DoTC ignored 3 MRT proposals to buy more trains
At the Senate hearing on the frequent MRT breakdowns, Sen. Chiz Escudero asked Undersecretary Jose Lotilla why the government has not sued Metro Rail Transit Corp. (MRTC) or MRT Holdings, the owner of the trains, for defaulting on its duty to buy more trains as the present number has exceeded its rated capacity.
“Don’t you have any plans in your pipeline to sue MRTC?” Escudero asked. “Why do you allow them to [bombard] the government with litigations left and right by way of [temporary restraining orders] when clearly they did not perform [according to] their contract?”
Lotilla answered, “We hope to go in that direction.”
When Escudero pressed why the matter was still being studied, Lotilla said the maintenance records were still with MRTC and the government was loath to file a case unless it had gathered sufficient evidence.
Either Lotilla was lying or was wrongly informed. Records show that since the Department of Transportation and Communications awarded the maintenance contract to PH Trans-CB&T, and later to APT Global (without any public bidding as required by law), MRTC was no longer furnished copies of the maintenance records. These were given to the DoTC. So the maintenance records are with the DoTC, not the MRTC. When Sumitomo/TES was the maintenance provider of the train system, MRTC was furnished with the maintenance logs every month.
On the failure to buy additional trains, records show that it was the fault of the DoTC, not of the MRTC. Records show that the DoTC received three proposals—in 2004, 2008 and 2010—to buy additional trains, upgrade the systems and back-to-zero-hours works, at no cost to the government. The DoTC never acted on these proposals.
The reason: The DoTC wanted to buy the trains itself. But the build, lease and transfer (BLT) agreement gives the owners the right of first refusal.
Apparently, to get around this provision, the DoTC asked the opinion of the Department of Justice on whether it can, on its own initiative as the operator of MRT3, proceed with the procurement of additional Light Rail Vehicles under its emergency relief measure.
The DoTC also asked the DoJ whether MRTC, by its actions, has waived its right of first refusal on the procurement of additional trains and has unreasonably withheld its consent in contravention of the BLT agreement.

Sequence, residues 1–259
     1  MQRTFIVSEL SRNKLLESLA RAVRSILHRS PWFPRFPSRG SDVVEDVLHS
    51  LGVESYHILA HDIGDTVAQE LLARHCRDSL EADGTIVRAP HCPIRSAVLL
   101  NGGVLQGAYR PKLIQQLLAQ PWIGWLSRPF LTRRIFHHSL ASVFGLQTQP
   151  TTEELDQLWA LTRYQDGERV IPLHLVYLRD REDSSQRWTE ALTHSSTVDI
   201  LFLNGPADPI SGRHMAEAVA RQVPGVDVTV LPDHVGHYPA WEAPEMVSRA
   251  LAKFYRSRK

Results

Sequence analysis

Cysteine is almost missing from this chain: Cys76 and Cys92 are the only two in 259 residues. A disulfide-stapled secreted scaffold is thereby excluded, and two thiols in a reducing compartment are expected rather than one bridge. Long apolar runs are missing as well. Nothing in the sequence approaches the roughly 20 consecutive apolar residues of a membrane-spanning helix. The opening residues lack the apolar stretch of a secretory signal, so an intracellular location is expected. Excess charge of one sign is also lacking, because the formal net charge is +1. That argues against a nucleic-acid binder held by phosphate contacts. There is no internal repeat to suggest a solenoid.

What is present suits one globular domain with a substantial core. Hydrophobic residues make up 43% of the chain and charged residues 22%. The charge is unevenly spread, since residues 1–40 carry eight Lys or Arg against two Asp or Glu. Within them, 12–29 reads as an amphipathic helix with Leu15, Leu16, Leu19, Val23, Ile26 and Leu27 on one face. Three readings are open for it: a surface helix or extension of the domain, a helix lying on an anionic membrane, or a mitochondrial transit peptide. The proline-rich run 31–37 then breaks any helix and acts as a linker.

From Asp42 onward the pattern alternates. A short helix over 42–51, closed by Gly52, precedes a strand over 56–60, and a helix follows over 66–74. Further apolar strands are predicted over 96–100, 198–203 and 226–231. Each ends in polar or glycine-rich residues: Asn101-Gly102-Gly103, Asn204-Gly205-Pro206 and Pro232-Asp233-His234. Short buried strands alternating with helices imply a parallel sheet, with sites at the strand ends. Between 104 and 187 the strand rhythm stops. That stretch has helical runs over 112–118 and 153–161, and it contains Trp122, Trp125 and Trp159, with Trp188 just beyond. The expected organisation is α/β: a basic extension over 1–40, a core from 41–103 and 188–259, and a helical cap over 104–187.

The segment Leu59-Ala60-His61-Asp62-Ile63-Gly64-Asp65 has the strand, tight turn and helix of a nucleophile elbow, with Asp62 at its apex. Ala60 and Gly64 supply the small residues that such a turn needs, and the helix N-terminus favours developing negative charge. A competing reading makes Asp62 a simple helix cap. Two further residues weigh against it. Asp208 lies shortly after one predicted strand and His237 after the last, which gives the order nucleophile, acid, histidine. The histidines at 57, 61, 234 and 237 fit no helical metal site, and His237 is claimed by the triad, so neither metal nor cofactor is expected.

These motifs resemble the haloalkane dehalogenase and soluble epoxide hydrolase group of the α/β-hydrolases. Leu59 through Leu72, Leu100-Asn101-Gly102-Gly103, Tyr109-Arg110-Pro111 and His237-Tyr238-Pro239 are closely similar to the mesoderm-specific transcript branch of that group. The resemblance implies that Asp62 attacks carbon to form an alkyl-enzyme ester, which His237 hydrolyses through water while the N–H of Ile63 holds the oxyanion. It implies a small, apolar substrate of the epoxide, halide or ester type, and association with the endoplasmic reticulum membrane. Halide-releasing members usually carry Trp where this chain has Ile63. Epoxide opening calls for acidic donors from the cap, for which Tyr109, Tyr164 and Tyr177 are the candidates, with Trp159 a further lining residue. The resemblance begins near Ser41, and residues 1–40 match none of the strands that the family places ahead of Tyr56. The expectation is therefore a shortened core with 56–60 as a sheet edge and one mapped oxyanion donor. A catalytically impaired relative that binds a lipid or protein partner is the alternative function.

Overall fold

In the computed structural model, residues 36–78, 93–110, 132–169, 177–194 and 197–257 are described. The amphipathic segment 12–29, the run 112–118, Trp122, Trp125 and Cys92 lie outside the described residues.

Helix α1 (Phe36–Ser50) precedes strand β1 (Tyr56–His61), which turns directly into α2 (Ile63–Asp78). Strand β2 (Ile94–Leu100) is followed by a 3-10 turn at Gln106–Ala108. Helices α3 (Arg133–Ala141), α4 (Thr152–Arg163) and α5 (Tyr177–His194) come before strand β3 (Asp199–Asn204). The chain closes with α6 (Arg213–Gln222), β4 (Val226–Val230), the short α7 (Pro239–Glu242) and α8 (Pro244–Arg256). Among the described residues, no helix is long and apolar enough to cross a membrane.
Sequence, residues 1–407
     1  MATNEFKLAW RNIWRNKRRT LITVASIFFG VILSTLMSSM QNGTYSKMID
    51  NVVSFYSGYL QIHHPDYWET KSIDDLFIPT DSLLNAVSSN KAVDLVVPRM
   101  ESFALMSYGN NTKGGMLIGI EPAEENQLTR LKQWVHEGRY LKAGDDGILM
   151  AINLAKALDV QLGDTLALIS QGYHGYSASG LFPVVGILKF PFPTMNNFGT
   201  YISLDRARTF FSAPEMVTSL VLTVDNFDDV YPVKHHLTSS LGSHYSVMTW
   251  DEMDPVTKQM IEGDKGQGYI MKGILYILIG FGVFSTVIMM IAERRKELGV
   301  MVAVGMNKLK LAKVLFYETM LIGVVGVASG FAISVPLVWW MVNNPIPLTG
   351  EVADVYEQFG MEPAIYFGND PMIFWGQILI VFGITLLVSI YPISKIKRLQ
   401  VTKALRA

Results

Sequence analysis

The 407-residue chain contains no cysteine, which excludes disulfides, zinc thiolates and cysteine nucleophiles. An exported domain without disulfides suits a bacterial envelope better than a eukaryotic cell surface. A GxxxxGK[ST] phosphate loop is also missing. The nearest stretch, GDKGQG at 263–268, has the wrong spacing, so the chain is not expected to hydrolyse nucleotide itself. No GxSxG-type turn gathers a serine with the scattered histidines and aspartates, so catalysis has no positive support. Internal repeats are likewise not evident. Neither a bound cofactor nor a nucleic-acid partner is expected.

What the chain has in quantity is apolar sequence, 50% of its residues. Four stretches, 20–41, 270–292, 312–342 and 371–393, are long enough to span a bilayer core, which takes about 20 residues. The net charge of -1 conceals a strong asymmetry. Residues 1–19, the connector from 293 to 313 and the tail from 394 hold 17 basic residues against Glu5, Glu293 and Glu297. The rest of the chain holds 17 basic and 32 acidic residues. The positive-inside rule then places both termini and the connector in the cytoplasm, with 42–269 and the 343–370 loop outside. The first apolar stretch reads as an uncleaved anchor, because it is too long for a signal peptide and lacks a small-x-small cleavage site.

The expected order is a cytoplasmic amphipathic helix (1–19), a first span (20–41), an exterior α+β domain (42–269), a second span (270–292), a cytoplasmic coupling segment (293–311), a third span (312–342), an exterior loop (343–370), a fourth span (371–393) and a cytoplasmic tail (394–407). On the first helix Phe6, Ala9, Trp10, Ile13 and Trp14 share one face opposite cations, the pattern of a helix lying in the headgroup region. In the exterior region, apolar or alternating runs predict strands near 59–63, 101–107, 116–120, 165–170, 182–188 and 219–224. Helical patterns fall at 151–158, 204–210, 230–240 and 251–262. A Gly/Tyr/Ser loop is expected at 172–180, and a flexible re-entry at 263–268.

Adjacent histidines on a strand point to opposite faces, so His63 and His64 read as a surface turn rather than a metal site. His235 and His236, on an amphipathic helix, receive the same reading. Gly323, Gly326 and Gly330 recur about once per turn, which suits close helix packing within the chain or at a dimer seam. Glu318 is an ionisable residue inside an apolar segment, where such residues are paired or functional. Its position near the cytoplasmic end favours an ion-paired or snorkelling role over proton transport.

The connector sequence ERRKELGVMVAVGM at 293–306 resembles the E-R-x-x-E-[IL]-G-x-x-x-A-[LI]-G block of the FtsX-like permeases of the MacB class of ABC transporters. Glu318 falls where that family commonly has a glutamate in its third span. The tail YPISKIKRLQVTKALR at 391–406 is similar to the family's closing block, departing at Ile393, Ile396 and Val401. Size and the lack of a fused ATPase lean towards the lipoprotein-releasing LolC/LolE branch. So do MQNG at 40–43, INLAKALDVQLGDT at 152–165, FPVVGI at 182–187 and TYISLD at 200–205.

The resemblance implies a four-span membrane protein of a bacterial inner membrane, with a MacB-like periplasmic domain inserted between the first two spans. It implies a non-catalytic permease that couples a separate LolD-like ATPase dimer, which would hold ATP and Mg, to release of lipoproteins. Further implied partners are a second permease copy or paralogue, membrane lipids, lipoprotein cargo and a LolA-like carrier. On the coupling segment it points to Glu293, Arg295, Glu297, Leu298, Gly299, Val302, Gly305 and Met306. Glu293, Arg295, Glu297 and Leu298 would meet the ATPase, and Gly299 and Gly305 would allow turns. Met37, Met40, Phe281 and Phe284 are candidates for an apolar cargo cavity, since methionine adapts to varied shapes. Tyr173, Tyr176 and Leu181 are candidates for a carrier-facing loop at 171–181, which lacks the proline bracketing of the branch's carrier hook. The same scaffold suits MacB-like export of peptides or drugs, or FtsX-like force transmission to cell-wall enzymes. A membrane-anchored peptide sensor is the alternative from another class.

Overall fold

The DoJ replied that in the past it has had occasion to pass upon the same issues.
According to that opinion, the provisions of the BLT agreement are clear and sufficiently explicit. Which means that MRTC’s right of first refusal remains and cannot be presumed to have been waived.
Why does the DoTC want to assume that MRTC had waived its right of first refusal? Because the DoTC wants to buy the additional trains itself. Why? I do not have the answer to that, but what happened recently—when an ambassador accused the manager of MRT3 of trying to extort $30 million from him in exchange for buying the additional trains from his country—may be an indication of the reason.
At any rate, the government has already ordered 48 new coaches from China without the consent of MRTC, in violation of the BLT agreement.
The trains made in China are cheaper, the government said. Maybe, but that poses risks to the riding public. The new trains may not be compatible with the rails, the signaling system, and other specifications which were made for the original trains made in Czechoslovakia. If that is so, the danger of more accidents increases.
As can be seen, it is MRTC that should sue the DOTC for numerous violations of the BLT agreement. In fact, it has done that. It has sued the Philippine government in the arbitration court in Singapore for nonpayment of numerous obligations. It has also petitioned for a temporary restraining order from a Makati court to stop the DOTC from buying the new trains from China as it is a violation of MRTC’s right of first refusal.
In February last year, the Office of the President issued Executive Order No. 126 to buy the remaining shares of MRT Holdings in MRTC to avert the arbitration case and assume control of the MRTC board. Earlier, the President ordered the Land Bank and the Development Bank of the Philippines to acquire shares of stock and other securities (including MRT3 notes and preference shares) representing economic interest in MRTC. It is estimated that the government now owns 70 percent of MRTC. It wants to buy the 30-percent shares remaining with MRT Holdings. However, it is not willing to pay the correct price. So the owners are not selling.
The government said that it wants to own the train line and that it would privatize it. That does not make sense. Why privatize something when it is already privately owned?
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